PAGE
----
Genoscape Feature Garden – 2017 Canada Blooms
This coming year, will be the 6th consecutive year that we will have a feature garden at the Canada Blooms Flower and Garden Festival. We have had great experiences over the years with the show as it allows us to present our most creative work to the public.
Trying to come up with different, unique ideas from year to year is a challenge, to say the least. We have to find a balance between presenting functional landscape and exhibiting over the top elements to give the show’s patrons the ‘wow’ factor they’re seeking. We must also base our design on the Show’s theme for the year. In the past, this has proven to be the most difficult aspect to the design process, until this year…
This summer, The Tragically Hip band made a historic tour across Canada. Gord Downie, the bands lead singer and songwriter, was recently diagnosed with cancer. Many believe that the tour of 2016 may be the Hip’s last as a band. At the last stop of their tour on August 20th, the band played a nationally televised concert from their hometown of Kingston, Ontario. It was here that Gord Downie asked the nation to look to the North. It’s time for us to acknowledge communities white Canadians have been trained for decades to ignore. It’s time to do something. It’s time to start a new relationship with Indigenous Peoples. As soon as Gord engraved these possibilities in my head, via the CBC, I knew what we needed to do for our 2017 Feature Garden.
The Story of Chanie Wenjak
STATEMENT BY GORD DOWNIE
Ogoki Post, Ontario
September 9, 2016
Mike Downie introduced me to Chanie Wenjack; he gave me the story from Ian Adam’s Maclean’s magazine story dating back to February 6, 1967, “The Lonely Death of Charlie Wenjack.”
Chanie was a young boy who died on October 22, 1966, walking the railroad tracks, trying to escape from the Cecilia Jeffrey Indian Residential School to walk home. Chanie’s home was 400 miles away. He didn’t know that. He didn’t know where it was, nor know how to find it, but, like so many kids – more than anyone will be able to imagine – he tried. I never knew Chanie, the child his teachers misnamed Charlie, but I will always love him.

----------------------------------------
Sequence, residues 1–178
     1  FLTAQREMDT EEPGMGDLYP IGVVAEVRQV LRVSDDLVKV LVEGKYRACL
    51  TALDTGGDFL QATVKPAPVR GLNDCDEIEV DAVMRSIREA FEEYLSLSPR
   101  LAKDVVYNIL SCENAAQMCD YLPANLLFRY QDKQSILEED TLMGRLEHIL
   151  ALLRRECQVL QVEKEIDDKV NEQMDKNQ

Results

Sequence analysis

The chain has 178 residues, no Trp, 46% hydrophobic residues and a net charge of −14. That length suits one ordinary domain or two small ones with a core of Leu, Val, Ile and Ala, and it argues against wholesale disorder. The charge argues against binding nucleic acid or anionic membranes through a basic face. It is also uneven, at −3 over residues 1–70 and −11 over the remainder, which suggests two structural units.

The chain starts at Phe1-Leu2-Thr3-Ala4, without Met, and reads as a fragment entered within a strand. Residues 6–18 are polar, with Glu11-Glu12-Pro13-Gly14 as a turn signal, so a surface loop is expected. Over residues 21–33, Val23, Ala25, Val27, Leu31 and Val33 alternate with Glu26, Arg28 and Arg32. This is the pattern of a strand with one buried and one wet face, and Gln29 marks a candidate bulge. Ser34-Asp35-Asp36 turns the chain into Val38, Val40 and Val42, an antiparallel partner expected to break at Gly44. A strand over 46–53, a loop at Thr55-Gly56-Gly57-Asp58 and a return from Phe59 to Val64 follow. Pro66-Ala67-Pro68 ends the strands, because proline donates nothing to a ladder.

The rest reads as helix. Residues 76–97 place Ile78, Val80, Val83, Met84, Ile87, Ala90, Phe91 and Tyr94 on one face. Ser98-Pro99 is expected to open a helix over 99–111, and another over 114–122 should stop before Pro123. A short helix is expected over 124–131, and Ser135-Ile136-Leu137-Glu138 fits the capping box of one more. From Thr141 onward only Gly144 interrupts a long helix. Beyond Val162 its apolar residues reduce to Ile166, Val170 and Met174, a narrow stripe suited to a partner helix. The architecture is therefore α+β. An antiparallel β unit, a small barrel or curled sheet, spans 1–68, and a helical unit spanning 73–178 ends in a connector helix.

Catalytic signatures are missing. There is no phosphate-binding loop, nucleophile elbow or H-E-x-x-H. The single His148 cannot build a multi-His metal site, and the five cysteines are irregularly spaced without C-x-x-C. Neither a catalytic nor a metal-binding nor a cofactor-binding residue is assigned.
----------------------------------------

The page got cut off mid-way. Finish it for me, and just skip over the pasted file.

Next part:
Chanie haunts me. His story is Canada’s story. This is about Canada. We are not the country we thought we were. History will be re-written. We are all accountable, but this begins in the late 1800s and goes to 1996. “White” Canada knew – on somebody’s purpose – nothing about this. We weren’t taught it; it was hardly ever mentioned.
All of those Governments, and all of those Churches, for all of those years, misused themselves. They hurt many children. They broke up many families. They erased entire communities. It will take seven generations to fix this. Seven. Seven is not arbitrary. This is far from over. Things up north have never been harder. Canada is not Canada. We are not the country we think we are.
I am trying in this small way to help spread what Murray Sinclair said, “This is not an aboriginal problem. This is a Canadian problem. Because at the same time that aboriginal people were being demeaned in the schools and their culture and language were being taken away from them and they were being told that they were inferior, they were pagans, that they were heathens and savages and that they were unworthy of being respected — that very same message was being given to the non-aboriginal children in the public schools as well…They need to know that history includes them.” (Murray Sinclair, Ottawa Citizen, May 24, 2015)
I have always wondered why, even as a kid, I never thought of Canada as a country – It’s not a popular thought; you keep it to yourself – I never wrote of it as so. The next hundred years are going to be painful as we come to know Chanie Wenjack and thousands like him – as we find out about ourselves, about all of us – but only when we do can we truly call ourselves, “Canada.”
“Do we want to live in a haunted house the rest of our lives?” – Joseph Boyden
The Secret Path Garden
Within our garden, we will be illustrating the story of Chanie Wenjack. We will tell his story, and also exhibit reconciliation efforts that we can make. We will also be accepting donations on behalf of The Gord Downie/ Chanie Wenjak Fund. We have contacted several First People who are artisans, craftsmen and just general public who want to be a part of this. This will truly be a collaborative effort between The First People of our nation and the rest of us who make up our great country. This is what Canada should be about.
Please don’t be mistaken, this will still be a Genoscape Feature garden. Our patrons will be immersed in a natural setting with various water features and innovative landscape techniques. This will not only be our largest garden to date, but it will also be the one with the most significance.
The show runs from March 10 – 19, 2017 at the Enercare Centre, Toronto. Please visit the Canada Blooms site for more info.
Please visit The Gord Downie/ Chanie Wenjak fund page for info on the fund or if you would like to make a donation.